Repsol SA, Spain’s biggest oil producer, will spend about $95 million drilling its first well offshore from Namibia as the African nation pursues a commercial discovery, the country’s petroleum commissioner said.
Repsol, which has a 44 percent interest in offshore license 0010, is operator of Block 1911 where the Welwitschia-1 well will be drilled next month, Petroleum Commissioner Immanuel Mulunga said in a phone interview today. Repsol will drill wells all along the west coast of Africa this year, said Kristian Rix, a spokesman for the Madrid-based company.
“It’s a tremendous risk they are taking and one that raises hope for us,” said Mulunga. “It’s a risk worth undertaking as we believe this block has oil.”
Namibia has attracted attention from the world’s biggest oil companies even after at least 18 wells failed to find commercial deposits of crude. Explorers such as BP Plc and Chariot Oil & Gas Ltd. have snapped up assets on a bet that the nation’s coastal shelf may mirror that of Brazil across the Atlantic, while Royal Dutch Shell Plc announced last month it was taking over two exploration blocks in the Orange Basin.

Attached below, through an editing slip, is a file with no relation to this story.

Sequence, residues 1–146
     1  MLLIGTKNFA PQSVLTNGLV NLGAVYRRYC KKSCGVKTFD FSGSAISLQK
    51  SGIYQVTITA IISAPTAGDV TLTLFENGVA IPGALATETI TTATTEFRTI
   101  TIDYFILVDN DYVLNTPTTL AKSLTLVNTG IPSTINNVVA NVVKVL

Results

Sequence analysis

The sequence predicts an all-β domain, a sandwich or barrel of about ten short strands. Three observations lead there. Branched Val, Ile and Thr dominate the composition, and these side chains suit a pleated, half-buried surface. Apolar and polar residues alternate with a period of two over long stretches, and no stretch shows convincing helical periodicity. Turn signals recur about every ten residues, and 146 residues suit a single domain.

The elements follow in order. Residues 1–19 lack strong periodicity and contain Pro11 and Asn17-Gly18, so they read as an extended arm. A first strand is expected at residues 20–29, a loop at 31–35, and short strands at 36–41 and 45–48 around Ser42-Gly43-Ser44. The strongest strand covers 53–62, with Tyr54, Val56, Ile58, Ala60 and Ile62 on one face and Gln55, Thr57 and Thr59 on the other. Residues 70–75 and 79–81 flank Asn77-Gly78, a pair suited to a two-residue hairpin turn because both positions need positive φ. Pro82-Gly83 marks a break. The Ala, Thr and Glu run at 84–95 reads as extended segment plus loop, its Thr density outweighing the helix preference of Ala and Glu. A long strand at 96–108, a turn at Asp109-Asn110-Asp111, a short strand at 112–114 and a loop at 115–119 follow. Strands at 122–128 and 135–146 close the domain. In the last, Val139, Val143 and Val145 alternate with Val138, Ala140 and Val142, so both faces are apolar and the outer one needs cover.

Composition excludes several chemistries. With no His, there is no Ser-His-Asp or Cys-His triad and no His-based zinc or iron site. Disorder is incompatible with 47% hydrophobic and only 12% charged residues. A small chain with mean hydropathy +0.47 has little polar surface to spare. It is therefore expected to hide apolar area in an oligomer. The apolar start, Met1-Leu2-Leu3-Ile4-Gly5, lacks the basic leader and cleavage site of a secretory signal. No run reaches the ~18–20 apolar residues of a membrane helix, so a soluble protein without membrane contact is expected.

“The fact that Brazil and Africa were once joined years ago gives us that expectation,” said Mulunga. “On the African side, there are discoveries in Angola and Gabon, and we expect there is oil in Namibia’s part of west Africa margin.”
In 2013, 11 out of the top 20 oil and gas discoveries in the world were made in Africa, according to Jan. 29 presentation by Repsol.
Tower Resources holds 30 percent of license 0010 in the Walvis Basin, 200 kilometers (124 miles) north of HRT Participacoes em Petroleo SA’s Wingat well, where a sub-commercial discovery was announced last May. A drillship is expected to start operations at Welwitschia-1 on April 11, Tower Resources said on March 5.
Namibia has also granted permission to U.S.- based Murphy Oil Corp. to explore two blocks in the Luderitz Basin, Mulunga said. Murphy, which holds 40 percent in the blocks and is also the operator, is expected to start drilling in 2015 or 2016, he said.
“International companies still have faith in Namibia’s oil potential,” he said. “They also believe we are doing a good job in terms of regulating the industry.”
The West African country also has attracted Tullow Oil Plc and Total SA as explorers move along Africa’s Atlantic coastline after making discoveries in Ghana, Sierra Leone and Ivory Coast.
Namibia’s only known commercial discovery is the Kudu gas fields, offshore from southern Namibia, which will supply a planned 800 megawatt power plant.